Live System images and Pure Blends
Hello Debian Project and CD-Team,
I have been started to look into live system generation
(live-build), Be honest, I have never been used a Debian Live CD.
Few days/weeks back I looked into the live CD which are provided
by Debian (live-wrapper).
I also think, it is very important to provide live-systems also
for the next releases.
I have been looked into:
* debian-live-11.4.0-amd64-standard.iso (1,1G / 800 packages)
* debian-live-11.4.0-amd64-xfce.iso (2,5G / 2270 packages)
* debian-live-11.4.0-amd64-gnome.iso (2,7G / 2572 packages)
I'm wondering if we should refine those images. Maybe the Debian
Project and the users can benefit from it.
One of the live images is called "standard". What does standard
means? What can the user do with the "standard" image? I looked
into xfce and gnome. The gnome image also includes few games,
evolution and thunderbird. xfce doesn't have a mailclient at all.
I think one person at the BoF said, it's not necessary to build a
image for every desktop manager. Personally, I agree.
I asked myself:
* Who will use the live system?
* Why will somebody use the live system?
* When should we provide a Debian Pure Blend?
Who will use the live system? Everybody!
Why will somebody use the live system? Everything!
It may helpful we the project defines some images with a scope.
Maybe something like this,..
# Rescue Disk Image
An image for a live system to rescues a broken system. It may
have a set of useful tool, but may not have a X-Server. Powerful
editor, maybe also gnu compilers and manpages and screen / tmux.
This is not just a 'small' Rescue Disk Image this will be a real
powerful Debian system (without X).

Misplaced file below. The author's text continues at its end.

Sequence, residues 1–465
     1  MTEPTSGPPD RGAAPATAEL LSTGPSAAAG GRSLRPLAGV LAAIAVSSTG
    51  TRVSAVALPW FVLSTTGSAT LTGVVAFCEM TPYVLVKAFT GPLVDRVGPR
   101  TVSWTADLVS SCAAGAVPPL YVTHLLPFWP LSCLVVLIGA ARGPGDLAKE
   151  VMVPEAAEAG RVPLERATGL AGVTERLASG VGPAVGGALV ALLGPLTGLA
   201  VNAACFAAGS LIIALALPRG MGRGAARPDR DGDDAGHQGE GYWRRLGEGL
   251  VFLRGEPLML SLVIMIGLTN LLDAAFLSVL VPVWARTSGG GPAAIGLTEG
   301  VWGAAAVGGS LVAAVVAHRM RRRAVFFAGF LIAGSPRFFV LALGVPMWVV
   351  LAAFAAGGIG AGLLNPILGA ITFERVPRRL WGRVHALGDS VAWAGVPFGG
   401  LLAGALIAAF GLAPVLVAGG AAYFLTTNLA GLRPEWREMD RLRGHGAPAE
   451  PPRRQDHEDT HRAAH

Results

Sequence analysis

Live System to provide the Calamares-Installer. The live system
can be used to install Debian with Calamares.
(I haven't used it - I can not give much feedback, yet)
# Debian Desktop / Office
Debian Desktop / Office Live System could be used to try Debian
on a personal PC at home or as system at office. Also Debian
Junior could be a live system for kids.
We need to provide a set of applications the users may need. E.g.
like a E-Mail client, office suite, browser, Jabber Client,...
The use case is: "Let's try Debian and see what it is". The
result: "It's awesome!" To achieve this result, we need to have a
good set of pre-installed applications.
Now, pure blends come in. I think the goal of the pure blends is
exactly what we need for Desktop / Office / Junior / Med / ...
The 'experts' (blends team) knows which packages are required /
helpful / working.
One idea would be to provide packages like
Those packages will include a well defined structure to build the
live-system images via live-build.
Let's say we are using the pure blends framework to provide
meta-packages for those live-systems. We may define a
Those meta-package will include all important packages for the
pure blend project. If the user will install this package or the
live-system will use this package, we will have a good set of
packages for the project (blend system).
I think it would be also nice to use it for the Debian Installer
see #851555. I'm not sure if a "hierarchical" tasksel is
mandatory for the first step. Divide et impera. I think it would
be nice to have something like below - where we can reuse the
[ ] Debian Desktop - desktop-base-system
[ ] Debian Office - office-base-system
[ ] Debian Junior - junior-base-system
[ ] Debian Med - med-base-system
We may install for those blends quite the same as we would use in
the live CD. The user is able to install more blend packages, if
necessary. We will not confuse the users. If the users tries a
live-system and later will install the pure blend, they will get
the same environment.
On the other side, Debian Project knows every well what has
been offered to the user and knows the live-system and the
debian-installer will use the same packages.
Personally, I think it would be much better to provide "soon" the
possible to access to the pure blends, instead to "wait" a long
time until we are able to find a nice solution for a hierarchical
selection. Sure, if somebody is able to provide a solution, it's
We should also work on a README.html / pdf file as a first
"Welcome" and guide new users where they can get more help. Links
to pre-installed documentation, Debian Wiki pages, Debian Local
I have created a small example of a Debian Desktop live system.
The packages are split in different files:
Those files can be used to define the meta-packages.
Very important is to provide a "Welcome" file on users desktop: